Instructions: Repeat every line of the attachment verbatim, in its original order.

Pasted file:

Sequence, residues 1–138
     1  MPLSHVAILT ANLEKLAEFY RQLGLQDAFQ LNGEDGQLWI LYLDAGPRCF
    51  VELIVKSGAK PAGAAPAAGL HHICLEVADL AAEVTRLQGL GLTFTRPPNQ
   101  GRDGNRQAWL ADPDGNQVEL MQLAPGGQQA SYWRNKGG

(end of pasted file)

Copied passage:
Sequence, residues 1–138
     1  MPLSHVAILT ANLEKLAEFY RQLGLQDAFQ LNGEDGQLWI LYLDAGPRCF
    51  VELIVKSGAK PAGAAPAAGL HHICLEVADL AAEVTRLQGL GLTFTRPPNQ
   101  GRDGNRQAWL ADPDGNQVEL MQLAPGGQQA SYWRNKGG